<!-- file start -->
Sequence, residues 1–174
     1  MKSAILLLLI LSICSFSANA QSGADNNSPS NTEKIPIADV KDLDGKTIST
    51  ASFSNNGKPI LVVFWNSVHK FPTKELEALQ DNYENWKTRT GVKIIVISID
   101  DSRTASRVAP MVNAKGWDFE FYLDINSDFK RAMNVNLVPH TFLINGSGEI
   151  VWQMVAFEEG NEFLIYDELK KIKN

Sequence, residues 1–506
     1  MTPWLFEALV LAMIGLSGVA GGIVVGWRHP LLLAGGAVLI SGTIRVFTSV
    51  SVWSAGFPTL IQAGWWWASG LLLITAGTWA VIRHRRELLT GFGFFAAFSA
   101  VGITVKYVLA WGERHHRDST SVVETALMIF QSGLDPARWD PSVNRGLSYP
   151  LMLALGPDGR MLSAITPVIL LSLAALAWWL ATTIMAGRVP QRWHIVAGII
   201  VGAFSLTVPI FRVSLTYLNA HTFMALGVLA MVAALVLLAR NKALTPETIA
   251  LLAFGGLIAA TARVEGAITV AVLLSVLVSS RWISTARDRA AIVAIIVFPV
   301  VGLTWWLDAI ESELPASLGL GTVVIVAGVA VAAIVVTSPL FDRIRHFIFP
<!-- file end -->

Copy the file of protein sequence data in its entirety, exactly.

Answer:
Sequence, residues 1–174
     1  MKSAILLLLI LSICSFSANA QSGADNNSPS NTEKIPIADV KDLDGKTIST
    51  ASFSNNGKPI LVVFWNSVHK FPTKELEALQ DNYENWKTRT GVKIIVISID
   101  DSRTASRVAP MVNAKGWDFE FYLDINSDFK RAMNVNLVPH TFLINGSGEI
   151  VWQMVAFEEG NEFLIYDELK KIKN

Sequence, residues 1–506
     1  MTPWLFEALV LAMIGLSGVA GGIVVGWRHP LLLAGGAVLI SGTIRVFTSV
    51  SVWSAGFPTL IQAGWWWASG LLLITAGTWA VIRHRRELLT GFGFFAAFSA
   101  VGITVKYVLA WGERHHRDST SVVETALMIF QSGLDPARWD PSVNRGLSYP
   151  LMLALGPDGR MLSAITPVIL LSLAALAWWL ATTIMAGRVP QRWHIVAGII
   201  VGAFSLTVPI FRVSLTYLNA HTFMALGVLA MVAALVLLAR NKALTPETIA
   251  LLAFGGLIAA TARVEGAITV AVLLSVLVSS RWISTARDRA AIVAIIVFPV
   301  VGLTWWLDAI ESELPASLGL GTVVIVAGVA VAAIVVTSPL FDRIRHFIFP